In truth, it’s more than just looks that matter, but the appearance of a bottle (let’s stick to bottles for the moment) of wine on the retailer’s shelf is surely an important determinant as to whether it’s given even a cursory glance.
Perusing the line up of around 17 wines Tim James and I tasted earlier this week, it yet again struck me how boring, or worse, downright ugly so many South African wine labels are (I’ll leave readers to decide which is which in the photo). The less-than-compelling aren’t restricted to any price level either; those wines cover a price range from R36 to around R130, but my concern lies at the cheaper end (though why wineries/PRs insist on sending out so many to the media at this level, I can’t imagine. Wines of a more complex nature would really give us meat to write about). Why should the less costly not also be smartly dressed? In fact there’s every good reason they should be, given there’s very little difference between wines at this level (believe me!), so I imagine sales are driven primarily on brand loyalty. How to achieve that initial one – if there’s not a word of mouth recommendation, probably the most influential sales pitch – we’re back to scouring the shelves for a bottle with label-appeal.
My default wine (two, if you count both the white and the red) at the R30-R50 level is/are The Wolftrap, now produced in awe-inspiring quantities by that innovative and reassuringly consistent winery, Boekenhoutskloof. There’s no dumbing down here, either in the wine or its smart packaging, both bottle and label; they looks very much more expensive than the wines’ incredible value (around R38 a-piece when last purchased). Wolftrap can sit on the dinner table in the best of company … and be equally happy hanging around the braai. If The Wolftrap team can do it, why not others?
I find it especially disappointing that Lanzerac, now under new ownership, hasn’t taken the opportunity to give a bright, new look to their labels. The bottle is iconic – how many lamp bases or candle holders can be found in South African households or restaurants? – it acknowledges the winery’s history and popularity with the Stellenbosch student population of the 1970s and ‘80s, hence the Alma Mater moniker. Maybe the bottle is seen as able to sell itself.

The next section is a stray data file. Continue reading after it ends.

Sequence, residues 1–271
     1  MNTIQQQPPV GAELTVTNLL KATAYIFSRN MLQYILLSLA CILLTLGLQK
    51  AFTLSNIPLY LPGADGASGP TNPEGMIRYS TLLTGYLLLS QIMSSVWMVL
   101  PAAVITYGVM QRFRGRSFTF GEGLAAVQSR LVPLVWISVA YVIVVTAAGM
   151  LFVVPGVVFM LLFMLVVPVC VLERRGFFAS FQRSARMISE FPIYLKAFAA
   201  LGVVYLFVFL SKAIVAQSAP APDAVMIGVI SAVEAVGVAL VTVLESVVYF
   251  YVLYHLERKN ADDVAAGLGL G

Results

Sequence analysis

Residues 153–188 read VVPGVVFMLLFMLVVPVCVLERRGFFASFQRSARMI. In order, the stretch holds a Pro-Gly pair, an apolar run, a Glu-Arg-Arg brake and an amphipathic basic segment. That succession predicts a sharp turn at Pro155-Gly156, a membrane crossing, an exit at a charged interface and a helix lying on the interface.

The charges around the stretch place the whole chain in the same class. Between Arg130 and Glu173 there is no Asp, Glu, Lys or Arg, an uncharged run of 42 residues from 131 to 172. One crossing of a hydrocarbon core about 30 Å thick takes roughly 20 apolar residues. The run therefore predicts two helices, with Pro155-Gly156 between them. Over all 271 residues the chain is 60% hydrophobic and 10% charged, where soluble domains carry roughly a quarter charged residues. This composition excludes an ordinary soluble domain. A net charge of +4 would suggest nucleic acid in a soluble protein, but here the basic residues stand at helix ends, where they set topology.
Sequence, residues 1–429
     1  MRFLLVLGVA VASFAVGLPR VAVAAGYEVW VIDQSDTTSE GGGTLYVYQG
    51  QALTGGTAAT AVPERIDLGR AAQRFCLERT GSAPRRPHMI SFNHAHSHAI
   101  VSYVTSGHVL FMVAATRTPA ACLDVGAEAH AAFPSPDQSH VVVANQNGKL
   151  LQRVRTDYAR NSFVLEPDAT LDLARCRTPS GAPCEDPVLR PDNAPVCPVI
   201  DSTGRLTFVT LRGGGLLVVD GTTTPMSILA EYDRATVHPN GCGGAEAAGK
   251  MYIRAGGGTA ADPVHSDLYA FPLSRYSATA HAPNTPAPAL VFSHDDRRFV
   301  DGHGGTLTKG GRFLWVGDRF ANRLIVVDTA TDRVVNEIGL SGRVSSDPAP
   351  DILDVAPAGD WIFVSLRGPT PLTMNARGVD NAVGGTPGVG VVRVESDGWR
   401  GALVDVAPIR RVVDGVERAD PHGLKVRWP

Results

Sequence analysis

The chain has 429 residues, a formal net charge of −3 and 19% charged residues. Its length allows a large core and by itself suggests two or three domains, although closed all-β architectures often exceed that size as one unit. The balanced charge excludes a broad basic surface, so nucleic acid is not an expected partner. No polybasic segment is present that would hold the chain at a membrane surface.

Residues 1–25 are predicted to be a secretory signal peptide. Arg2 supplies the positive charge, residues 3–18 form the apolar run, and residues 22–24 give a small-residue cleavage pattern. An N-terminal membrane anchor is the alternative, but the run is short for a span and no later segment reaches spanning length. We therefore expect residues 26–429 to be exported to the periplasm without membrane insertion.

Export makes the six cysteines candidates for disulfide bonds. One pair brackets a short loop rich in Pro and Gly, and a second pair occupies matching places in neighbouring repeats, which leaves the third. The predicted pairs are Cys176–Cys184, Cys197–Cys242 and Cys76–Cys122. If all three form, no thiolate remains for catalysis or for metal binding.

Not so the Balance range from the Worcester-based Overhex Wines International, where label and contents pull together to generate sales. Many might believe this winery is still a co-operative; in fact it is owned by ex-Free Stater, Gerhardt van der Wath and JC Martin (yes, owner with wife, Carolyn, of Creation Wines). At the presentation of their Balance range earlier this week, v d Wath explained that what one market requires from a label is different from another, and he should know; they export to 28 countries worldwide. Stylistically, the wines are fashioned for the new winedrinker; nothing too aggressive or over the top. ‘Gentle’, ‘smooth’, ‘fruity’ crop up regularly in my notes and most are, indeed, well balanced. Pick of the crop are the Winemaker’s Selection Sauvignon Blanc 2013 which has just enough liveliness with lees-enriched roundness and pure but but unshowy fruit; good value for R47. Better value still at R32 is the Best Blend Pinotage-Shiraz 2012, a light-textured wine, its 5 grams of residual sugar camouflaged by the dark soft berry, spicy flavours. Chilling won’t kill it.
But since we’re talking labels, it’s Henk the elephant, perfectly balanced on his tiny stool, which should encourage a first-time buyer. He’s eye-catching but not kitsch and perfectly illustrates what the wines are about; he could be usefully used in many ways to market the range.
How would these Balance labels fare in a design competition? This thought took me back to the days of communal and printed Grape and the label competition the editors ran back when. Just when that was, I had forgotten, until I unearthed all my old copies of the magazine; it was 13 years ago. So long ago? It seems like yesterday.
And the winner? Actually two, the pair pictured, which were part of the Savanha range, are now no longer part of the South African wine scene. Perhaps it’s time for another label competition; it could work as a wake-up call for all the ordinary and worse out there.